UPDATED 10.10AM: London: The ceiling of a packed London theatre collapsed on the audience during a performance on Thursday night, injuring more than 88 people including children and leaving terrified theatregoers covered in blood and dust.
The incident happened at the Apollo Theatre during the West End show The Curious Incident of the Dog in the Night-time and comes the week before Christmas when London's theatres are traditionally busy.
Witnesses heard creaking noises in the 112-year-old theatre but thought it was part of the show, before a section of the ceiling collapsed and brought down parts of the balconies.
Rescuers commandeered a red London double decker bus to transport some of the injured to hospital, journalists at the scene said.
Emergency services said they did not believe there were any fatalities and that all those trapped had now been freed.
"We have treated 81 walking wounded and seven more seriously injured patients at the Apollo Theatre incident," the London Ambulance Service said in a statement.
There were about 720 people in the audience at the time, the London Fire Brigade said.
"A section of the theatre's ceiling collapsed on to the audience who were watching the show. The ceiling took parts of the balconies down with it," senior firefighter Nick Harding said.
"In my time as a fire officer I've never seen an incident like this. I imagine lots of people were out enjoying the show in the run-up to Christmas."
The London Fire Brigades Union said that an "ornate ceiling of plaster and wooden supports collapsed".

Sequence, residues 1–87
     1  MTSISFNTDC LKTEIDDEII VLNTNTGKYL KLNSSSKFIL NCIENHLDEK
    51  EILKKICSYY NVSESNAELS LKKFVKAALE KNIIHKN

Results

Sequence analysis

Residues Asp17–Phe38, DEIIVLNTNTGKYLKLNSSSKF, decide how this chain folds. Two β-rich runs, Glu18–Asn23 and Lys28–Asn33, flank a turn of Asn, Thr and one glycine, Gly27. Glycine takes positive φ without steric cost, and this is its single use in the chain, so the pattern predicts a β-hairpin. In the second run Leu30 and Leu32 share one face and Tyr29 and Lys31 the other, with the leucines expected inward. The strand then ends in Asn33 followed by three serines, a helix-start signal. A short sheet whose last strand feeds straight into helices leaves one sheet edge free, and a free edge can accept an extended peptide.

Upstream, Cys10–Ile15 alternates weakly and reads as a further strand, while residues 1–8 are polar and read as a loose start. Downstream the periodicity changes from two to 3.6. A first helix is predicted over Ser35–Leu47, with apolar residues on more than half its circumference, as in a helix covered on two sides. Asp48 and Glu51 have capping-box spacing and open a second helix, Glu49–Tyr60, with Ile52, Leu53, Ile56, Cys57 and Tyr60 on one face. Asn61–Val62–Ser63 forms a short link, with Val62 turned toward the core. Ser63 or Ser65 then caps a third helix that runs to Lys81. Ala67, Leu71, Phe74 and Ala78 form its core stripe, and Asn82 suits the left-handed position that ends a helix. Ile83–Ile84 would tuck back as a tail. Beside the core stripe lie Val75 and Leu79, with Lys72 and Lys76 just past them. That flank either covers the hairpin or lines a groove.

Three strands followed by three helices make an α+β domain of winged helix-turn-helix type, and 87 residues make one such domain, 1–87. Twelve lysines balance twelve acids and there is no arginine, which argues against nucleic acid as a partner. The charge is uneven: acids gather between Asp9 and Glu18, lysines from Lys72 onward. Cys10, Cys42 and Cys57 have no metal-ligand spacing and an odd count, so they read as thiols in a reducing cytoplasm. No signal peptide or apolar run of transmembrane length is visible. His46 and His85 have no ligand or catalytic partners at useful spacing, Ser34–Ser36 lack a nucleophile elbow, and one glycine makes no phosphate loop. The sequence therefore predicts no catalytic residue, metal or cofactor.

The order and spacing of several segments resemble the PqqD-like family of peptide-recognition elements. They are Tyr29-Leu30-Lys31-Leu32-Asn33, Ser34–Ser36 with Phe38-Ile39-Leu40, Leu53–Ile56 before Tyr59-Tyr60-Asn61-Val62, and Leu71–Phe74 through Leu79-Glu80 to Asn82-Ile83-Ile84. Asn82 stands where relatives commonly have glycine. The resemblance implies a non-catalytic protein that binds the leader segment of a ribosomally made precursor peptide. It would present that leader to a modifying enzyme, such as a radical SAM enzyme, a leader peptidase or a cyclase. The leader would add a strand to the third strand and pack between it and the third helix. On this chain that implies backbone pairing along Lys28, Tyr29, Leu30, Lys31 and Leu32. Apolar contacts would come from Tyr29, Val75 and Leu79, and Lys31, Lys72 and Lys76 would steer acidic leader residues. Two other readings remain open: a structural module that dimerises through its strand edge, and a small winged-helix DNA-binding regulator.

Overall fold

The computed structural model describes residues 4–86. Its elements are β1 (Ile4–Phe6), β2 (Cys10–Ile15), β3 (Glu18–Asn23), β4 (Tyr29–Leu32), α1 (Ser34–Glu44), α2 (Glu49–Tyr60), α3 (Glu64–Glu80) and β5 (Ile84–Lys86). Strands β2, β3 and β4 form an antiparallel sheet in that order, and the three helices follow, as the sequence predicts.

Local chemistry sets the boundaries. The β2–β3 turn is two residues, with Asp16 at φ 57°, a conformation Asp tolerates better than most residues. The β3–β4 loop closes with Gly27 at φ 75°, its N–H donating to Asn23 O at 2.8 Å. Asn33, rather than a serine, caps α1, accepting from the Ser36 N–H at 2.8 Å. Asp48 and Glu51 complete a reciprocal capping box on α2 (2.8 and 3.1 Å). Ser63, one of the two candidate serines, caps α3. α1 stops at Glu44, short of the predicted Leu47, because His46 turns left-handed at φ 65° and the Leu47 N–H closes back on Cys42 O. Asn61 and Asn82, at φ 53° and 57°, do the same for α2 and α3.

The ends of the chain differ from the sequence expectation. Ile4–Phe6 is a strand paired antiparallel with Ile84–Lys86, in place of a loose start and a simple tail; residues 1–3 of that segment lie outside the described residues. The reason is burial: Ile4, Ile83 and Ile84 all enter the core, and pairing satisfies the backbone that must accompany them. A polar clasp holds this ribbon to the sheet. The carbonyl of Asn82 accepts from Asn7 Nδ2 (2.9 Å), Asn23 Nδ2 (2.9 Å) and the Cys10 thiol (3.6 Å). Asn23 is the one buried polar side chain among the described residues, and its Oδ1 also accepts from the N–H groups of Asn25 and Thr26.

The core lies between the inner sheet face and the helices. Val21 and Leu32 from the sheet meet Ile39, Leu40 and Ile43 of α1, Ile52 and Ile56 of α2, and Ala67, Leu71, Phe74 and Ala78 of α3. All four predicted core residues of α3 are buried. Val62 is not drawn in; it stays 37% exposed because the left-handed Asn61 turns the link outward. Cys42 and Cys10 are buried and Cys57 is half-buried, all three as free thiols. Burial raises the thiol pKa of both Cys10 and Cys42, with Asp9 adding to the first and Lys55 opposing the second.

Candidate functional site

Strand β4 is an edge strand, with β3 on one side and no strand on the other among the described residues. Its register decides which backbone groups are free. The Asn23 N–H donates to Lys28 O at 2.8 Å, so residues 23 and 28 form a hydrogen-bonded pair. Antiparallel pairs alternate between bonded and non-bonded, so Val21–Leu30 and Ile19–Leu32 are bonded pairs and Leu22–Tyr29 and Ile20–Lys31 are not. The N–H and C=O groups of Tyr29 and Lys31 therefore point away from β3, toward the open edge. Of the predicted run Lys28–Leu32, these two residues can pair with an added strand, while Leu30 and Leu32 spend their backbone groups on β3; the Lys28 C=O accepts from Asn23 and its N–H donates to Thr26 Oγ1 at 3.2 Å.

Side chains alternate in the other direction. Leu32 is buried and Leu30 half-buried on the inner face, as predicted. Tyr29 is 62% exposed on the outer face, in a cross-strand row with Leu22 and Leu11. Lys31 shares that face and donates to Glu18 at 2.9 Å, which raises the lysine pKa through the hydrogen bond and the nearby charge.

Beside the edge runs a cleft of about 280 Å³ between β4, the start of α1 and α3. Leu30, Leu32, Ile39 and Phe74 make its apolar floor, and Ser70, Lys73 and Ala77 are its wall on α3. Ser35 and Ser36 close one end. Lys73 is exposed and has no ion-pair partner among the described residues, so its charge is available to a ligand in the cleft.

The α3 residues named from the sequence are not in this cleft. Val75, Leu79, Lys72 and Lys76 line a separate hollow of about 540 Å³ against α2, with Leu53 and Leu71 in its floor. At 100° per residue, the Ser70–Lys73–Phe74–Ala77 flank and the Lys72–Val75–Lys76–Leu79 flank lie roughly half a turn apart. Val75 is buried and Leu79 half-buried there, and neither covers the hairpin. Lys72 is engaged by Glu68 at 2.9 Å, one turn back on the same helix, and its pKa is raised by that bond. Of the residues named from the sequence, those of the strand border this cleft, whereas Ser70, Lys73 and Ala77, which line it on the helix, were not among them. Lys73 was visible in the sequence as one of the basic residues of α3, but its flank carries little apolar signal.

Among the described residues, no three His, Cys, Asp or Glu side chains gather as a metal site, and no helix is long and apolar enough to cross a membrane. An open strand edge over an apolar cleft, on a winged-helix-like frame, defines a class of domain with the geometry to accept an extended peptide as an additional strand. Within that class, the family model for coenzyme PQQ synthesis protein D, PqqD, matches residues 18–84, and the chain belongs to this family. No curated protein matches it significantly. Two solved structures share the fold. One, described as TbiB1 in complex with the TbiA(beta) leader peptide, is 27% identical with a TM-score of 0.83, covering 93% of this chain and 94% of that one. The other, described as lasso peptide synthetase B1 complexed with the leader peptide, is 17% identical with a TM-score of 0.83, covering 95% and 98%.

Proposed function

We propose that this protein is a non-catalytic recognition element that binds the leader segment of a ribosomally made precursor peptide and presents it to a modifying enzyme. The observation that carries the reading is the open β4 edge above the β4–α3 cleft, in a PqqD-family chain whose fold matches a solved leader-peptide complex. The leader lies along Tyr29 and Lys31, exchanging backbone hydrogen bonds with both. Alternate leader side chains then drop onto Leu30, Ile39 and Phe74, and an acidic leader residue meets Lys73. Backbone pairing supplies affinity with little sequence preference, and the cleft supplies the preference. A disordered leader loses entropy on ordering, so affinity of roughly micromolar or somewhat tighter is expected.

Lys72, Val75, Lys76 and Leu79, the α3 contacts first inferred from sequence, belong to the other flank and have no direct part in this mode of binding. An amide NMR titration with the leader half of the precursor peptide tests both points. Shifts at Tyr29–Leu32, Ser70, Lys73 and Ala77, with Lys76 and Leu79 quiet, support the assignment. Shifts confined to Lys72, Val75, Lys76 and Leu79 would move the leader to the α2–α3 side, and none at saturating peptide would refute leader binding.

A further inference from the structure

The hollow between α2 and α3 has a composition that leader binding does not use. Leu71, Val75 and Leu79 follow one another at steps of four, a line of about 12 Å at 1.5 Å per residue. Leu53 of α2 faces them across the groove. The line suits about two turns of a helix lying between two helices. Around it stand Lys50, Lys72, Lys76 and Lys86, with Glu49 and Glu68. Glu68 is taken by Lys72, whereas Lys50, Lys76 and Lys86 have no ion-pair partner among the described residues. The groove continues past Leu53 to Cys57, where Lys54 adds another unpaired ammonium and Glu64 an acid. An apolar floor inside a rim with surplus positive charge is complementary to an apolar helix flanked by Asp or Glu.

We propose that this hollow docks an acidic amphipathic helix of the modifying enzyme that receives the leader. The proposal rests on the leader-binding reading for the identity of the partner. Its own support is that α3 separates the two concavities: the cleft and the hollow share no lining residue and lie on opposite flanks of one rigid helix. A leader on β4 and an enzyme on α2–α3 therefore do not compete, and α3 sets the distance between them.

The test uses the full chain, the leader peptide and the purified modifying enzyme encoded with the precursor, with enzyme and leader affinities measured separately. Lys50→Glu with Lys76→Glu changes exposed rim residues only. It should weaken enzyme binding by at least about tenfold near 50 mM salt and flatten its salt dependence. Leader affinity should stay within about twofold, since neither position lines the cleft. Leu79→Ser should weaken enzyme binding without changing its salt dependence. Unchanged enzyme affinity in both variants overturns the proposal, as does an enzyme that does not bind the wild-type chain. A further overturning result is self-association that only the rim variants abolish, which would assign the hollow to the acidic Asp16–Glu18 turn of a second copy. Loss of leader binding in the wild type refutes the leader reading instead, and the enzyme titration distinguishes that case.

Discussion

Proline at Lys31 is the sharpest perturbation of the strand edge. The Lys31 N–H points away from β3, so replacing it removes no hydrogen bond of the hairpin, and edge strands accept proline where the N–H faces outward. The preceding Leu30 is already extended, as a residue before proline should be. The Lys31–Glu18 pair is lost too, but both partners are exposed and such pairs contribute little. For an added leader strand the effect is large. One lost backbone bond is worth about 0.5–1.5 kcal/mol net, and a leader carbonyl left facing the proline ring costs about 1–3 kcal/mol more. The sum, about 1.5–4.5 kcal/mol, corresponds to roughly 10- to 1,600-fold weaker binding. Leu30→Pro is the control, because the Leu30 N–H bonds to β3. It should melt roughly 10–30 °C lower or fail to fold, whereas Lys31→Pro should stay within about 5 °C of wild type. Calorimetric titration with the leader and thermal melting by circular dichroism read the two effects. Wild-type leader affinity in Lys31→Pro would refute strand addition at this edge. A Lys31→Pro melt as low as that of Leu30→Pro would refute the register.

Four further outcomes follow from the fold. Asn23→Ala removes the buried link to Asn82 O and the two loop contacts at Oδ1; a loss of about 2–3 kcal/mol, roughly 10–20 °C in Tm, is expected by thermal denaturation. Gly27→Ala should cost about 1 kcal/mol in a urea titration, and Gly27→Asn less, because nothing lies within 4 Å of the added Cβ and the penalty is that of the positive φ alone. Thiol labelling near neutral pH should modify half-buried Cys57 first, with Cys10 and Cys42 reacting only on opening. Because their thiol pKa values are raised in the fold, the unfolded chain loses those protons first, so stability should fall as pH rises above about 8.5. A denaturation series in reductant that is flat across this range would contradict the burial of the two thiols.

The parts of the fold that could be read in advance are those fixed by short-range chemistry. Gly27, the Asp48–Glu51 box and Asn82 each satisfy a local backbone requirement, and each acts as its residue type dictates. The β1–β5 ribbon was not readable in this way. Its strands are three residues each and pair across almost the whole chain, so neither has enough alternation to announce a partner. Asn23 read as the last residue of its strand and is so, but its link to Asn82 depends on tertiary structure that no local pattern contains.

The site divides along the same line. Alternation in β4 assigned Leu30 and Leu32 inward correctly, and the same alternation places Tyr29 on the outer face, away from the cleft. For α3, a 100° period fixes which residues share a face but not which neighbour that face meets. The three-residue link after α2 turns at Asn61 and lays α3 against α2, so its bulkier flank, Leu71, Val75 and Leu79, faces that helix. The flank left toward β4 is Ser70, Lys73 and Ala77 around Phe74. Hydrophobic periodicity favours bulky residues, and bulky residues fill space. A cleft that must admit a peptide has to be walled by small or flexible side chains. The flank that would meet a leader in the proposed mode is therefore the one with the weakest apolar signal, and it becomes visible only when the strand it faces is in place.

AFP TV reporters saw several people being stretchered away from the scene.
Others, including some with bandages on their heads, were being treated in the lobby of the nearby Queen's Theatre, where the musical Les Miserables was showing and which had been turned into a triage centre.
Desmond Thomas, 18, part of a school party watching the show, said they heard noises before the accident.
"Maybe 10 minutes into the performance we heard a tap-tap noise; we thought it was rain," he told AFP.
"There was a crack and then it suddenly seemed to get bigger and suddenly it collapsed. The next thing we knew, the whole theatre filled with dust and smoke."
A thunderstorm had hit London in the hour before the collapse.
Simon Usborne, a writer for the Independent newspaper, said there was a "cloud" of dust obscuring the stage after parts of masonry appeared to fall away.
"There was panic, there was screaming," he said.
Martin Bostock said he suffered a head injury after he was hit by falling debris.
"It was complete chaos in the theatre. Absolutely terrifying and awful," he told Britain's Sky News.
"I was in the lower stalls with my family in the early stages of the show.
"I think the front part of the balcony fell down. At first we thought it was part of the show.
"Then I got hit on the head.
"We got out with cuts and bruises. I think most people did."